Why doesn’t Pete Townshend like Led Zeppelin?

Pete Townshend

In 1960s Britain, all musicians, including The Who and Led Zeppelin, knew each other. The story goes that Jimmy Page, London’s most sought-after session musician, and future Led Zeppelin mastermind, was present on the day of The Who’s first recording session. The Who recorded ‘I Can’t Explain‘ here, and they went on to become one of the era’s definitive outfits.

If you were curious about Page’s presence, the renowned producer Shel Talmy was the one who recruited him. Talmy, fresh from collaborating with The Kinks, enlisted Page as a session musician. Reflecting on the experience, Page acknowledged that his contribution was minimal. However, he cherishes the privilege of being part of the session.

After parting ways, both factions took different paths. In 1968, after a brief stint with the Yardbirds, Page fully developed his vision, leading to the formation of Led Zeppelin. The band swiftly ascended to prominence, filling the void left by The Beatles’ dissolution in 1970. They became the most successful group of the decade on both sides of the Atlantic.

Simultaneously, The Who enjoyed a prosperous period in the ’70s, releasing acclaimed albums like Who’s Next (1971) and Quadrophenia (1973). However, they lived in the shadow of Led Zeppelin throughout the decade.

While there was never any rivalry or conflict between the two bands, Pete Townshend has never been a fan of Zeppelin. In one interview, he seemed to admit that it could be because Page and Co. were much more successful than his band.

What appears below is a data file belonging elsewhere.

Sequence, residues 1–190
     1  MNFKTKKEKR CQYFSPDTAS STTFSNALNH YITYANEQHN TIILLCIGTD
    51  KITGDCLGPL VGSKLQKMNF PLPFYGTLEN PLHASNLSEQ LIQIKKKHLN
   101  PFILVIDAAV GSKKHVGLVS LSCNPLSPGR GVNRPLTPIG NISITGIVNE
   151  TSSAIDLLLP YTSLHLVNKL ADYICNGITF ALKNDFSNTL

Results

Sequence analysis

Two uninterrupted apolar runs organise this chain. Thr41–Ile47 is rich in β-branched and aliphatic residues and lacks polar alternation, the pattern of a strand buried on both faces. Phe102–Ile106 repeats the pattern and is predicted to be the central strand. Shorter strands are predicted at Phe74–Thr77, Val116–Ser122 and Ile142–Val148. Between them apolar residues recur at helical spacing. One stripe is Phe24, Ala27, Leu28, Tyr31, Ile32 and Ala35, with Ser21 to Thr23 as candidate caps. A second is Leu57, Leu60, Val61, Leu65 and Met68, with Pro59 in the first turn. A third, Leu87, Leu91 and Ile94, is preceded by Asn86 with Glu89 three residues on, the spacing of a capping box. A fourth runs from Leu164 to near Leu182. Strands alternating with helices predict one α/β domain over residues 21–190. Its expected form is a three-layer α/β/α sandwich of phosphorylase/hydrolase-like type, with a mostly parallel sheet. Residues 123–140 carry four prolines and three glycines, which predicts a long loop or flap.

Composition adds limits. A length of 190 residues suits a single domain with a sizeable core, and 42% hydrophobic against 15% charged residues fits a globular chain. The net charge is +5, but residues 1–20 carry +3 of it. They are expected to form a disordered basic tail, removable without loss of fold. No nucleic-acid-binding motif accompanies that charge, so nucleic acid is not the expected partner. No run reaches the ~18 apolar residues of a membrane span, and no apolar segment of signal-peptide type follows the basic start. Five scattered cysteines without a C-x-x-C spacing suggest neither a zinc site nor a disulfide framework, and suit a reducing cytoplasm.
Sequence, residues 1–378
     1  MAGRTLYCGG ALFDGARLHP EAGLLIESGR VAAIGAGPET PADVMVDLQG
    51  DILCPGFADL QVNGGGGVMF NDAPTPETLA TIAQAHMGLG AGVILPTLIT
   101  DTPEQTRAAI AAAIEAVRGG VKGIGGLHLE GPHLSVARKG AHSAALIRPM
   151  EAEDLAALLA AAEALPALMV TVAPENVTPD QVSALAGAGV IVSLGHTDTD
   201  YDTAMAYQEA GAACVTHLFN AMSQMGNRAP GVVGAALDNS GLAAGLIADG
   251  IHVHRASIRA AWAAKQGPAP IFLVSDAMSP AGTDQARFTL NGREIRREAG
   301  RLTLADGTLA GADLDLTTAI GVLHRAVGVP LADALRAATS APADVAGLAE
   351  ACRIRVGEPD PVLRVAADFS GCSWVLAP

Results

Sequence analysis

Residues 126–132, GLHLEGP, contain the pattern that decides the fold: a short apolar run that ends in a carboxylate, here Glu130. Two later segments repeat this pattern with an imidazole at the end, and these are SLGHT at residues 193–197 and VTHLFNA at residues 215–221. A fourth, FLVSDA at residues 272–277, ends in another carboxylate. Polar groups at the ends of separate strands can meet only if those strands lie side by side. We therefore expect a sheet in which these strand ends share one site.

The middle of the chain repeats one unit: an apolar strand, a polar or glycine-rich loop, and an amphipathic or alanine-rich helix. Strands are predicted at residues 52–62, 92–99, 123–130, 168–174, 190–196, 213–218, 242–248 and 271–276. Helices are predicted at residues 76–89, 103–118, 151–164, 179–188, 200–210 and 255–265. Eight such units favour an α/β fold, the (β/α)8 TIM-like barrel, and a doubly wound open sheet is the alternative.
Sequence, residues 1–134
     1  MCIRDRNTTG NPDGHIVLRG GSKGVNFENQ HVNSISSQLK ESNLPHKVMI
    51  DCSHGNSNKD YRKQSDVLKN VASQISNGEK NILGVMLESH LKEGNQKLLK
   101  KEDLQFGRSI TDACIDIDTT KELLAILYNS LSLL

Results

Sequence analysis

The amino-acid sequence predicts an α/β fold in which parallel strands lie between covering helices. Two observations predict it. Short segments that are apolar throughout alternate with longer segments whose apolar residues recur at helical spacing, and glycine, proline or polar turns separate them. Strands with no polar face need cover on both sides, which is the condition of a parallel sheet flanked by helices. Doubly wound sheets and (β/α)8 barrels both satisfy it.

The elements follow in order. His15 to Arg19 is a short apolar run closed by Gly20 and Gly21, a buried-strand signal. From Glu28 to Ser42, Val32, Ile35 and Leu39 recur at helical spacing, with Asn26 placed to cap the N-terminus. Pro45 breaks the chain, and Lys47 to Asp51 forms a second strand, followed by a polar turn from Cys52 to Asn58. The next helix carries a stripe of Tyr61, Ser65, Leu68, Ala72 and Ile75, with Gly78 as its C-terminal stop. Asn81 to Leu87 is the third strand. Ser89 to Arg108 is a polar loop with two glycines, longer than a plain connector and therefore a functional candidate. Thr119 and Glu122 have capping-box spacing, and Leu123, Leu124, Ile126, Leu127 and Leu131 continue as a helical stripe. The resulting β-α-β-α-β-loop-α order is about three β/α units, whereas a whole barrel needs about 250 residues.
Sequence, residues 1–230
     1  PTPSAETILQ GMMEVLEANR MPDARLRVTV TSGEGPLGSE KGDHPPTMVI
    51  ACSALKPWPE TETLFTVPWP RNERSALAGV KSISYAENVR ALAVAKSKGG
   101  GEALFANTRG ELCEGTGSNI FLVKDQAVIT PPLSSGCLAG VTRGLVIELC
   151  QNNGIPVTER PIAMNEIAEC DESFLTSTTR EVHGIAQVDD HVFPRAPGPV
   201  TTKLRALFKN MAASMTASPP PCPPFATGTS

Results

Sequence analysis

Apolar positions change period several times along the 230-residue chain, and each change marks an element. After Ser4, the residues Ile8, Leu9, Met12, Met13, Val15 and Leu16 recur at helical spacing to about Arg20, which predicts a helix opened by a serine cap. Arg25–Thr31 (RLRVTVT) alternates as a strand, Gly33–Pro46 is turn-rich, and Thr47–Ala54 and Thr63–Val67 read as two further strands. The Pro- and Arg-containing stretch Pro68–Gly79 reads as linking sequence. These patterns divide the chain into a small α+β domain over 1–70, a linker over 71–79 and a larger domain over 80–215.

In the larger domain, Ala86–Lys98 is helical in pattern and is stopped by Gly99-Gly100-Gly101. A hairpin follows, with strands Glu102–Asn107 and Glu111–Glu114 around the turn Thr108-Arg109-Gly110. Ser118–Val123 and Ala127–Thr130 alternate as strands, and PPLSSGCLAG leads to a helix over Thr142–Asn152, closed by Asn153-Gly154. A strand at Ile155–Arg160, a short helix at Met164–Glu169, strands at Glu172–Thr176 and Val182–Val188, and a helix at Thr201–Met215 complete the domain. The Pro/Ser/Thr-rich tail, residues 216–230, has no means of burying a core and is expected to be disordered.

Townshend discussed his dislike for Led Zeppelin in a 1990s interview, and if he’s to be believed, it was a matter of taste rather than commercial viability or jealousy. “I haven’t liked a single thing that they’ve done,” Townshend declared. “I despise the fact that I am even remotely comparable to them. I’ve just never liked them. It’s a real issue for me because they’re all really, really nice people. I just didn’t like the band.”

In terms of commercial power, it is estimated that The Who has sold around 100 million records over the years. In contrast, Led Zeppelin has shipped 300 million, indicating that Led Zeppelin is significantly more successful than The Who. Crowd sizes reflect this as well. In May 1973, Led Zeppelin drew more than 56,000 fans at Tampa Stadium, breaking the record set by The Beatles at Shea Stadium. The achievement earned the band $309,000. This was also the highest amount ever paid for a rock concert at the time.

I’m uncertain if it’s a personal issue or a creative block, as they surpassed The Who in various aspects,” Townshend stated. “Regardless, I never had a fondness for them.”

Form your own opinion on why Pete Townshend harbors disapproval toward Led Zeppelin; the reasons seem quite apparent. Watch the interview where Pete Townshend discusses Led Zeppelin below.

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